Fingers are first

Of all the biometric technologies used widely today, the most popular is the fingerprint scan, said Al Vrancart, industry adviser for Princeton, N.J., trade group International Card Manufacturers Association.

"Fingerprint biometrics are accurate, inexpensive and adaptable for one-time or multiple usage," he said.

Globally, facial images also are widely accepted, especially for verifying an identity from among a limited number of enrolled participants, known as one-to-one matching. But there are issues of interoperability and long processing times, as well as accuracy of one-to-many matching systems, such as for a system designed to identify a terrorist's face in a crowd, said Victor Lee, an IBG consultant.

Shortly after the Sept. 11, 2001, terrorist attacks, Tampa, Fla., tested a facial recognition system for a year, but scrapped it because the system delivered too many false positives. Facial biometrics have improved since then, but still are not as accurate as fingerprints and irises, Lee said.

On the other hand, although "facial recognition is not the most accurate, people are comfortable with it," he said. "In Europe, faces are the central biometric for a lot of identification cards."

Three-dimensional facial imaging, while it takes much more processing power and is more expensive, is being touted as highly accurate and less susceptible to tampering. It measures immovable planes and points on a face and cannot be tricked by, for instance, wearing a moustache or artificial scar.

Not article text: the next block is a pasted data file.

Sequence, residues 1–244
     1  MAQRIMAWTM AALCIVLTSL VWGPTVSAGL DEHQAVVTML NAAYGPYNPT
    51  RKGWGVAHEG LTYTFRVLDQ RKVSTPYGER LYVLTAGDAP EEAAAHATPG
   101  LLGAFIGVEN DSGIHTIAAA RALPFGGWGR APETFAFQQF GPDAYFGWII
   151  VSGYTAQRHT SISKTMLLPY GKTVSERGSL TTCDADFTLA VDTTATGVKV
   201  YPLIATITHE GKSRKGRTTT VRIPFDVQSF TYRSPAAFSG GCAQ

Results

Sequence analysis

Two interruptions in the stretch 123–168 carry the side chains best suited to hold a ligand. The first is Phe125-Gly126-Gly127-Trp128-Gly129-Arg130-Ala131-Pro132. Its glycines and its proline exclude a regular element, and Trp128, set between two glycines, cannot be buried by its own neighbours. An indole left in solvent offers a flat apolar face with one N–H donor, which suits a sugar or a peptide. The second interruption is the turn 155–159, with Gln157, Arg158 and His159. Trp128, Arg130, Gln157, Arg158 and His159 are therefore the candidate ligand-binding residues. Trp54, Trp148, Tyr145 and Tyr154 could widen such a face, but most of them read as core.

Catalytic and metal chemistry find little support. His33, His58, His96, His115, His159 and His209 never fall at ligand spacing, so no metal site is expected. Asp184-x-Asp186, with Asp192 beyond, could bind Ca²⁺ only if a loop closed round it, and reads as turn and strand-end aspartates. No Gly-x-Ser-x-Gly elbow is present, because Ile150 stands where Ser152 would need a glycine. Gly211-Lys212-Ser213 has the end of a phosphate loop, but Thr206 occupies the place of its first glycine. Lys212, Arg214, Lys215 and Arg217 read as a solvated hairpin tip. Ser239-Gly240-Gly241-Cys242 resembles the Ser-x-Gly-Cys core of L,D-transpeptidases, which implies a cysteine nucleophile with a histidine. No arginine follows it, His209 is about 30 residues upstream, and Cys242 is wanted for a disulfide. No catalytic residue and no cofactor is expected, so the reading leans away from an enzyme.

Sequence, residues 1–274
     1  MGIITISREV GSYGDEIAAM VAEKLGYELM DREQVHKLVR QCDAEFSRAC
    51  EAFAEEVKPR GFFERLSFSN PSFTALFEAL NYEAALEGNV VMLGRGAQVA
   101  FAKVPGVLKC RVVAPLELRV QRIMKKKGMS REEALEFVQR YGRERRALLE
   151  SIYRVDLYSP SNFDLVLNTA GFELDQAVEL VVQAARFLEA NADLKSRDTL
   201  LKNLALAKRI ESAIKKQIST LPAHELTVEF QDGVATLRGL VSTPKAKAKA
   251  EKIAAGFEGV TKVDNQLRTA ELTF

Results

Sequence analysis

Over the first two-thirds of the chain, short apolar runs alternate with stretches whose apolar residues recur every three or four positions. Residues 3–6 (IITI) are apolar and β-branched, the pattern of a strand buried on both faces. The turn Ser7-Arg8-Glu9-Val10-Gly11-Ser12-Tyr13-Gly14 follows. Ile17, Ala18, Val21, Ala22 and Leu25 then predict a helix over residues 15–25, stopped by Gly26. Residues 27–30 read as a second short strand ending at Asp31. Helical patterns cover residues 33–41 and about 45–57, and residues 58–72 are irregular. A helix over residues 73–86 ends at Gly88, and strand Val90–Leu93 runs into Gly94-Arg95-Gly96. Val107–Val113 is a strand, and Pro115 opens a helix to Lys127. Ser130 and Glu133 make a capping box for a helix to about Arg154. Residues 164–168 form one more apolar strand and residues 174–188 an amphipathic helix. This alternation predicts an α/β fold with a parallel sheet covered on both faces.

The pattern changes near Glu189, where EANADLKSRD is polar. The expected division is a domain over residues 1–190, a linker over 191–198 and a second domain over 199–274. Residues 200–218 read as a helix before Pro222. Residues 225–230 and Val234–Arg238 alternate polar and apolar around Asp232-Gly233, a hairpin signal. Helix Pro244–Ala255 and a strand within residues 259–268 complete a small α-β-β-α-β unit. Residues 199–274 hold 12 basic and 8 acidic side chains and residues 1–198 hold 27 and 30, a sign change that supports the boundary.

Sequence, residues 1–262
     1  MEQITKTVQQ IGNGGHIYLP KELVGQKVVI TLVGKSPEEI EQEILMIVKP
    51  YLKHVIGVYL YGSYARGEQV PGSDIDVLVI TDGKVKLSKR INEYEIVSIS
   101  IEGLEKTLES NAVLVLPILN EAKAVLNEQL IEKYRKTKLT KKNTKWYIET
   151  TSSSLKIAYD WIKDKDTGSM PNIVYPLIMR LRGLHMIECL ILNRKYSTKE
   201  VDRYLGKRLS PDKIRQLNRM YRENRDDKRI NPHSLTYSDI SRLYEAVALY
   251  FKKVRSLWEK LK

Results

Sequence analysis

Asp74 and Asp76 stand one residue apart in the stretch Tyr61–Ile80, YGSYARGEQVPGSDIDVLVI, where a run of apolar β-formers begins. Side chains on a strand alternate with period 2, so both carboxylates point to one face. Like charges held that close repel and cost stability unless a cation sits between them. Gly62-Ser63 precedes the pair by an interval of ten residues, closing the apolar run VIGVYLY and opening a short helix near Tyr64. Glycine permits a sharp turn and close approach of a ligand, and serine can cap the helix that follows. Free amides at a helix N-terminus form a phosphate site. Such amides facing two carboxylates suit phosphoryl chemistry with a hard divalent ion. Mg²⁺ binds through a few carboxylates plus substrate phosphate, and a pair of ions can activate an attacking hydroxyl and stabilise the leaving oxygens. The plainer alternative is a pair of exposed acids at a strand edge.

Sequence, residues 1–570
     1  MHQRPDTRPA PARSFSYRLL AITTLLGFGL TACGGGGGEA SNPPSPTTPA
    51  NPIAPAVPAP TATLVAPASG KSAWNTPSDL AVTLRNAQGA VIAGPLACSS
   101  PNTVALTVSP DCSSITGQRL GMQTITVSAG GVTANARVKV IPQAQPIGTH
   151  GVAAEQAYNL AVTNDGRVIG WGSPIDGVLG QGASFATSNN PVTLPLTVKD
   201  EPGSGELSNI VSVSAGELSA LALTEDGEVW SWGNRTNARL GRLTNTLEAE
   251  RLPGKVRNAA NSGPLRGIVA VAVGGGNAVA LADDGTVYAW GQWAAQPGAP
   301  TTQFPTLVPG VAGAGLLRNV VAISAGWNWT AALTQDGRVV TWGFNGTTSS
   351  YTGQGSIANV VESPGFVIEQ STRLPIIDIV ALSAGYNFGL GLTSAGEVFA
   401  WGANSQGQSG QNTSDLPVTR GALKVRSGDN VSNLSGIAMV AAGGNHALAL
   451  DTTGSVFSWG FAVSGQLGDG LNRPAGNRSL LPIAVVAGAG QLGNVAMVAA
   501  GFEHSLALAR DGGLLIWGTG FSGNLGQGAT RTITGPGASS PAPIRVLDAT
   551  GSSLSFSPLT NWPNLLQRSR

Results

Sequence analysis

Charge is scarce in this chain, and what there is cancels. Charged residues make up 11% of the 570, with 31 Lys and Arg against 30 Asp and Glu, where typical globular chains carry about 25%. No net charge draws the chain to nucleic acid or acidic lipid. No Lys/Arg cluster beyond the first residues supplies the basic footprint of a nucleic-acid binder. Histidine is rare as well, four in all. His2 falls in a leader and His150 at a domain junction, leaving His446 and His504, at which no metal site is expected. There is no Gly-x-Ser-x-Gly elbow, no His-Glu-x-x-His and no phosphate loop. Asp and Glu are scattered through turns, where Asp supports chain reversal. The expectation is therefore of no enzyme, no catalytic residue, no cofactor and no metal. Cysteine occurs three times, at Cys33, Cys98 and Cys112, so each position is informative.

But posing for a 3-D facial scan may be problematic.

"The idea of having to put one's face to a screen is simply off-putting to many, suggestive of a Big Brother intrusiveness," ICMA's Vrancart said.

Another alternative is iris recognition, which is considered extremely accurate because irises are unique and unalterable. The global iris recognition market is about $250 million.

The Homeland Security Department recently restored optional iris scans to its nationwide rollout of Registered Traveler. That was good news for Walter Hamilton, chairman of Washington trade group International Biometric Industry Association.
"Iris scans are very effective," he said. "The technology will continue to gain a foothold."

Still, there may be resistance. "Some people are reluctant about the idea of putting their face or their eyes close to a camera," said Randy Vanderhoof, president of industry trade group Smart Card Alliance Inc., Princeton Junction, N.J.

While conceding the technology's limitations, GDC's Casuccio also reiterated that using iris scans is fine for some high-security environments. It's a balancing act between security and privacy, he said.

In Rome, people are very concerned about privacy, "but they also see benefits from knowing who is coming and going," he said. Overall, though, "for biometrics, the less intrusive is better."

Staff Writer Alice Lipowicz can be reached at alipowicz@postnewsweektech.com.

About the Author

Alice Lipowicz is a staff writer covering government 2.0, homeland security and other IT policies for Federal Computer Week.